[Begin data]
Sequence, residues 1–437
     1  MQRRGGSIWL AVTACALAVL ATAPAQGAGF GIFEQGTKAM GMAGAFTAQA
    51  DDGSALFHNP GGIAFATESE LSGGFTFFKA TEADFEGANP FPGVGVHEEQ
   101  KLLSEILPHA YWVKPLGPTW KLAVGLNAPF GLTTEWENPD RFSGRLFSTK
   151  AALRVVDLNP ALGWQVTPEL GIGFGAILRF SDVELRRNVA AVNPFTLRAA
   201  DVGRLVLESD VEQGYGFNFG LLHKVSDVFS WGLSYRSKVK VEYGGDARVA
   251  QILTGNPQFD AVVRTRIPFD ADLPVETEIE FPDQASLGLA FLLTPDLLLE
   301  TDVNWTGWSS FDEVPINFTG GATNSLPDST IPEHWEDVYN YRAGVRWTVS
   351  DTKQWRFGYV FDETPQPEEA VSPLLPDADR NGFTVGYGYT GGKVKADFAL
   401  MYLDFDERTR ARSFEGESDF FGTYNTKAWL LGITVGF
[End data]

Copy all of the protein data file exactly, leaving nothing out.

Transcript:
Sequence, residues 1–437
     1  MQRRGGSIWL AVTACALAVL ATAPAQGAGF GIFEQGTKAM GMAGAFTAQA
    51  DDGSALFHNP GGIAFATESE LSGGFTFFKA TEADFEGANP FPGVGVHEEQ
   101  KLLSEILPHA YWVKPLGPTW KLAVGLNAPF GLTTEWENPD RFSGRLFSTK
   151  AALRVVDLNP ALGWQVTPEL GIGFGAILRF SDVELRRNVA AVNPFTLRAA
   201  DVGRLVLESD VEQGYGFNFG LLHKVSDVFS WGLSYRSKVK VEYGGDARVA
   251  QILTGNPQFD AVVRTRIPFD ADLPVETEIE FPDQASLGLA FLLTPDLLLE
   301  TDVNWTGWSS FDEVPINFTG GATNSLPDST IPEHWEDVYN YRAGVRWTVS
   351  DTKQWRFGYV FDETPQPEEA VSPLLPDADR NGFTVGYGYT GGKVKADFAL
   401  MYLDFDERTR ARSFEGESDF FGTYNTKAWL LGITVGF